The Queen of England has concocted a plan in which penniless aristocrat Lady Georgie is to entertain a Bavarian princess and conveniently place her in the playboy prince's path, in the hopes that he might finally marry.
But queens never take money into account. Georgie has very little, which is why she moonlights as a maid-in-disguise. She must draw up plans: clean house to make it look like a palace; have Granddad and her neighbor pretend to be the domestic staff; un-teach Princess Hanni the English she's culled from American gangster movies; cure said princess of her embarrassing shoplifting habit; and keep an eye on her at parties.
Then there's the worrying matter of the body in the bookshop and Hannis' unwitting involvement with the Communist Party. It's enough to drive a girl crazy.
Listen to more Royal Spyness mysteries.
©2008 Janet Quin-Harkin (P)2010 Audible, Inc.
"All the characters from the first book in this rollicking series are present here - Georgie's much-married actress mother, her kind-hearted and resourceful Cockney grandfather, her sophisticated friend Belinda and the enigmatic Darcy O'Mara, a penniless Irish peer to whom Georgie finds herself attracted. There are also fleeting references to the war clouds that are gathering in Europe and the rise of fascism at home and abroad, both of which are neatly tied in with the murders and their solution. It works - both as a grand period piece and a lighthearted and completely diverting mystery." (The Denver Post)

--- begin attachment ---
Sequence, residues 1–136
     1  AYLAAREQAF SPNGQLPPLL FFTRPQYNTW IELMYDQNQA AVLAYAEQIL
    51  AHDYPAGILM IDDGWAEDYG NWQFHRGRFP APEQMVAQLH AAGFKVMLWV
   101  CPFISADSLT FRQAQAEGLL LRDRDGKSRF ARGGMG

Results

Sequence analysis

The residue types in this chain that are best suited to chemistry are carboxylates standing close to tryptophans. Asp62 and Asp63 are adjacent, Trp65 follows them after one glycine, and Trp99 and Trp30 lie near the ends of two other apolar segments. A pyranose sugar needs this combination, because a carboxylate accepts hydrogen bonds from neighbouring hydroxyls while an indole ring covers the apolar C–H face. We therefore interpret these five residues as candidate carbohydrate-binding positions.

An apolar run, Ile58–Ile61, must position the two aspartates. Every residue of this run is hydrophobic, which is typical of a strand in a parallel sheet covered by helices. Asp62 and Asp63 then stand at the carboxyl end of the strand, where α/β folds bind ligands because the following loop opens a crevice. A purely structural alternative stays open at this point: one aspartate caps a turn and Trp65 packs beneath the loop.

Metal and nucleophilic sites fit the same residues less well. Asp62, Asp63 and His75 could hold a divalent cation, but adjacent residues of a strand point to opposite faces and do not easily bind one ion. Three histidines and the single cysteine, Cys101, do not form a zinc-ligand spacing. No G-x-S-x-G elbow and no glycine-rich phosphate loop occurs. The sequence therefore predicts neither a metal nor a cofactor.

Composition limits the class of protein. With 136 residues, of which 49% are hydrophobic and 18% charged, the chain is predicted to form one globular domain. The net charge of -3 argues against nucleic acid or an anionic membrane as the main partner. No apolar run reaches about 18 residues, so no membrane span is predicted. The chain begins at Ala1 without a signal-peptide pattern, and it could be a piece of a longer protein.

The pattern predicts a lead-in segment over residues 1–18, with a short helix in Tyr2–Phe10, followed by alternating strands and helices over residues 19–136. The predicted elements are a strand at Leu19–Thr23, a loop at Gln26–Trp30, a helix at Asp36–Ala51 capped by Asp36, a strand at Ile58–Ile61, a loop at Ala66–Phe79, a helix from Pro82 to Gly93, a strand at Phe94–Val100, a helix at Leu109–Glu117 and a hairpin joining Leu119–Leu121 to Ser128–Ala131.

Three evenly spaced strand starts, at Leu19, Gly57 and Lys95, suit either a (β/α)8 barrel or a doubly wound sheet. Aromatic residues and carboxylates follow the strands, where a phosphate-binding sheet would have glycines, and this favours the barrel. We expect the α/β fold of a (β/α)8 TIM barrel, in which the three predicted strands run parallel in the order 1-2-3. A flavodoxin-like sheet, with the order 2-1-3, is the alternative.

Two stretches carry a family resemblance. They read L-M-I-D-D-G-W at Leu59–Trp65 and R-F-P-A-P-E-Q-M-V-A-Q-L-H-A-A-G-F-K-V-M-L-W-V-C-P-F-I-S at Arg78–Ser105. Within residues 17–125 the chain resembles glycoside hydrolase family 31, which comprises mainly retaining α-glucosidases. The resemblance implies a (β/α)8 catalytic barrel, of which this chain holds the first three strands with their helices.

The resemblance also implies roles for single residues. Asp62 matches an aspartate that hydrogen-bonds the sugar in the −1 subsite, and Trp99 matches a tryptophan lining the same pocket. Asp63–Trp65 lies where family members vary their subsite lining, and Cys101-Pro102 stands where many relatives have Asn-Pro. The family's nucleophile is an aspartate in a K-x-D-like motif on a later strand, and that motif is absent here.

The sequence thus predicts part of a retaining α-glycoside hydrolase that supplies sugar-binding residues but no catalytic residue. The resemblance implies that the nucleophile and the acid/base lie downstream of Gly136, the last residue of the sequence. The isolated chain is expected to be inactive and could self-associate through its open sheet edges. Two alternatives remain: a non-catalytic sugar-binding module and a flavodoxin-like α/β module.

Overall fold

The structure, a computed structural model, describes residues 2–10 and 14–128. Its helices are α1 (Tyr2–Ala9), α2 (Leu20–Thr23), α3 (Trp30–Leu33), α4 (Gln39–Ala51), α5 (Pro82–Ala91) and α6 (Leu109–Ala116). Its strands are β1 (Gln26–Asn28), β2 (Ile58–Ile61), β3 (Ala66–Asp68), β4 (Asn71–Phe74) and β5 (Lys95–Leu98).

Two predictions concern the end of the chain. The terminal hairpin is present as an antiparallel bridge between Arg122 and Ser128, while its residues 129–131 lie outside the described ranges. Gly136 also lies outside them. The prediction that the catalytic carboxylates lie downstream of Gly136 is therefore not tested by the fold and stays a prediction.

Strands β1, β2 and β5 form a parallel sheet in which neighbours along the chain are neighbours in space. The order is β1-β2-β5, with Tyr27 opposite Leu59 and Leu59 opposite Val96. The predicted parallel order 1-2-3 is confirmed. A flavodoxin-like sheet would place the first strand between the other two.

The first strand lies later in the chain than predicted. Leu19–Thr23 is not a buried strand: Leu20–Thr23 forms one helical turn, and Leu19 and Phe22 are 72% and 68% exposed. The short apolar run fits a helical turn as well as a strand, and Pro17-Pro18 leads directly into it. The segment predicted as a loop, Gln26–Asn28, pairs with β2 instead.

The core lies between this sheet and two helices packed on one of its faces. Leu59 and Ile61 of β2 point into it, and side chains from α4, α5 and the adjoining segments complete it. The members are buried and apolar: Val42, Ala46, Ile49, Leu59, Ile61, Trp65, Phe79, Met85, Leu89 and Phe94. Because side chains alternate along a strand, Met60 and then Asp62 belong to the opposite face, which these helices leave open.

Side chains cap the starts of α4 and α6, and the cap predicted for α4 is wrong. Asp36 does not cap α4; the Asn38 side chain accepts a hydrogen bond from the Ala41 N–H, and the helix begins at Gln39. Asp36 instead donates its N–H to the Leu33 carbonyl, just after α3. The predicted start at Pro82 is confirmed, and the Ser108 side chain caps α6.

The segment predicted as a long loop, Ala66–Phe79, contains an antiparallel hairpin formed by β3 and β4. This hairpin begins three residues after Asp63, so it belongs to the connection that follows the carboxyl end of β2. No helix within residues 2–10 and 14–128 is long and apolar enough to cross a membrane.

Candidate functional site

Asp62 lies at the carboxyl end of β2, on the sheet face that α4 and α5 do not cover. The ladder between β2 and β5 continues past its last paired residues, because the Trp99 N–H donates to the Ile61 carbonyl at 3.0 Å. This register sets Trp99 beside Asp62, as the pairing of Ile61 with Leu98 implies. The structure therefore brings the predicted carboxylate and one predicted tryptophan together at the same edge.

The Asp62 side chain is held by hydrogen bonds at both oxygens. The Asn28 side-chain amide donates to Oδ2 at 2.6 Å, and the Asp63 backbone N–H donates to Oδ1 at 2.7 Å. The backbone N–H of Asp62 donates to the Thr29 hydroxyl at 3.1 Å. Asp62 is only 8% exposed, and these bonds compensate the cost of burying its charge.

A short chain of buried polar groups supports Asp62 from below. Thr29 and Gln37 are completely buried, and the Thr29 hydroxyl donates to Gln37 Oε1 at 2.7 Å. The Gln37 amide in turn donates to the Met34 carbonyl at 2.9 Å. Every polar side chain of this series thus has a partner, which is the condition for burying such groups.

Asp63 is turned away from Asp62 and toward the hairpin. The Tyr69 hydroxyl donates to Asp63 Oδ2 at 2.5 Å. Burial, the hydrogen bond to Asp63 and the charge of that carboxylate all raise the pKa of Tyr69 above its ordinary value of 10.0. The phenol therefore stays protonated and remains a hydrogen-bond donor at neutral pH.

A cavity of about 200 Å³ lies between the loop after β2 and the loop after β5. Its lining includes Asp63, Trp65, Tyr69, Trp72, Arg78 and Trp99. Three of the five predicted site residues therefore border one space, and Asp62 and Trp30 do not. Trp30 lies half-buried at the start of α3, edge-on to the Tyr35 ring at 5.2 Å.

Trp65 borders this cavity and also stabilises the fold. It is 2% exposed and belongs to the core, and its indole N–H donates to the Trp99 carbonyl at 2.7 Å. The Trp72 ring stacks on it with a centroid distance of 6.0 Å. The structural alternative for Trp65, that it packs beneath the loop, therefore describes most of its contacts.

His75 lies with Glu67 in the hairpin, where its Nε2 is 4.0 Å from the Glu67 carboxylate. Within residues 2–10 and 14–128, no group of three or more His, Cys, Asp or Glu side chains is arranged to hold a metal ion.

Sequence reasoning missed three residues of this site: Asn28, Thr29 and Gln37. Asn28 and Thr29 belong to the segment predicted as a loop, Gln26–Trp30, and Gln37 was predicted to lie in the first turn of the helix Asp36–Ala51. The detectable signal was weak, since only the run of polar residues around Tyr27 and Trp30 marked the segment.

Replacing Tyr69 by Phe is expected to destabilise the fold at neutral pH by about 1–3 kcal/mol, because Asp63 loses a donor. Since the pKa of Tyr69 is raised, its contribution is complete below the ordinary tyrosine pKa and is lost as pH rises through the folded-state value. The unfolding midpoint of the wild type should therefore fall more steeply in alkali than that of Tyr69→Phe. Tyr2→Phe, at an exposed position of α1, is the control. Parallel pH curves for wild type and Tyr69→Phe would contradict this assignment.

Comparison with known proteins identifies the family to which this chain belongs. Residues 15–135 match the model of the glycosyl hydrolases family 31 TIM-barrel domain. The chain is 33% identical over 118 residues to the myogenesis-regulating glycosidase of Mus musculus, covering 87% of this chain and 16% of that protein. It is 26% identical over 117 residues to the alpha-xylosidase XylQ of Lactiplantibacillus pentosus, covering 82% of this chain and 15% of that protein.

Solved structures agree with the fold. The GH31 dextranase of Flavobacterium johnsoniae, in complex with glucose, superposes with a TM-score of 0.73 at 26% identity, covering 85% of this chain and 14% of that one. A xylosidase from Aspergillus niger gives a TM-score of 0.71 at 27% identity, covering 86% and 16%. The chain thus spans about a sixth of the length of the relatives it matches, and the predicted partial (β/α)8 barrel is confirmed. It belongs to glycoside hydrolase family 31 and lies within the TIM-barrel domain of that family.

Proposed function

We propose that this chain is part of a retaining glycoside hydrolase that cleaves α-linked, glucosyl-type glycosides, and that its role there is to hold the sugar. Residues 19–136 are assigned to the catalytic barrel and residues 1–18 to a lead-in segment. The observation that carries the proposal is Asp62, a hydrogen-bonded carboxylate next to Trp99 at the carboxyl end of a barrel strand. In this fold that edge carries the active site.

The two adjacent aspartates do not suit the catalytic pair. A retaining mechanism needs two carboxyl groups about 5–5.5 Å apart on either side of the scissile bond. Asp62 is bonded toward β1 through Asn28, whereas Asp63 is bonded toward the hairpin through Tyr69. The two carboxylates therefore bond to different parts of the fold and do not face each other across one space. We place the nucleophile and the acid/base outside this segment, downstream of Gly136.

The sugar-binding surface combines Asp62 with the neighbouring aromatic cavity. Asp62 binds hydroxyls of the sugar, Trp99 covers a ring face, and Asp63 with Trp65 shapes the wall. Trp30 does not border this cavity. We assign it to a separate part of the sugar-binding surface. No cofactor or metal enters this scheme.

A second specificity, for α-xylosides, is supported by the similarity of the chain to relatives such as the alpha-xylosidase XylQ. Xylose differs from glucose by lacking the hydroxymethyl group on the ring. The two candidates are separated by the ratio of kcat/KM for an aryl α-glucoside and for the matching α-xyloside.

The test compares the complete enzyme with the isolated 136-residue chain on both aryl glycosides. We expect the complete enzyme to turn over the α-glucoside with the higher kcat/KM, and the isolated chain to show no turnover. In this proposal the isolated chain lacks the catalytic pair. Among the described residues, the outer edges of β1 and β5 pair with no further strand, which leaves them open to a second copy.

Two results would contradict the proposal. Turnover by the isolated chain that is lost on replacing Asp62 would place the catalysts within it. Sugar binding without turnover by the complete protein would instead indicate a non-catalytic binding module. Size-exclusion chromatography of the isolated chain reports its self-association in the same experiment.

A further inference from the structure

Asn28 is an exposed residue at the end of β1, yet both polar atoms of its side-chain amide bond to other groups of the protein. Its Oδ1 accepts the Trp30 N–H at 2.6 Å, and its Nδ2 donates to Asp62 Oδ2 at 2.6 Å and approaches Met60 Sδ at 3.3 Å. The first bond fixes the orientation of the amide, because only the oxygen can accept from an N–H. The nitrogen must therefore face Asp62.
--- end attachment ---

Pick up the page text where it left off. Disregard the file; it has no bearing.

I get a kick out of these and find all of them a good bang for the buck. I want to be entertained by something well-written and well-performed. I don't want to cry in the car or be scared in the car. I want to laugh. No need to guffaw. A chuckle will do. I'm always entertained by these.
This is the second book in the series, and it held itself up well to the expectations I had after reading the first. Funny, engaging, with a hint of mystery. It was a little over-the-top with some of the characterizations and accents, though, so it was a little less believable than the first. It won't keep me from listening to the rest of the series, though.
I'm an avid reader but when driving or exercising, listening to a great book and a great performance makes time fly!
The Royal Spyness mysteries are light and fun and well performed. A delightful listen!
If my friend were looking for something that required almost no brain power to understand and enjoy, then, yes I would recommend this audiobook. But if that friend were looking for even a hint of mystery or intrigue, I would guide them elsewhere. This book is great if you just need to let your mind relax and unwind after a long, stressful day. It's a no-thought-required storyline.